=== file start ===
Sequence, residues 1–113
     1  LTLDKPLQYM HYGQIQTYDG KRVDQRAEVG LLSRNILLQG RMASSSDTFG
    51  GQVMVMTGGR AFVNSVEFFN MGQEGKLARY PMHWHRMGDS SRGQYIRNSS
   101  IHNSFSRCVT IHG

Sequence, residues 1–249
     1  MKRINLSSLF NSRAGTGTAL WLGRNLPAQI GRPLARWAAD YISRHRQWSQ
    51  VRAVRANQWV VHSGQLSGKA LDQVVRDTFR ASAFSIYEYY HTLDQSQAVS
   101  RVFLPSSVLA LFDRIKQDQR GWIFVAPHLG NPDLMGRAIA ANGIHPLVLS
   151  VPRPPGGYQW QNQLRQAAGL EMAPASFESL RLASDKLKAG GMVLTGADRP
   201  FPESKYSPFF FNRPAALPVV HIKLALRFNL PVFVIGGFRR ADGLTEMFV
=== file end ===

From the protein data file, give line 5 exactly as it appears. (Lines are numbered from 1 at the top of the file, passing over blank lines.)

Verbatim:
Sequence, residues 1–249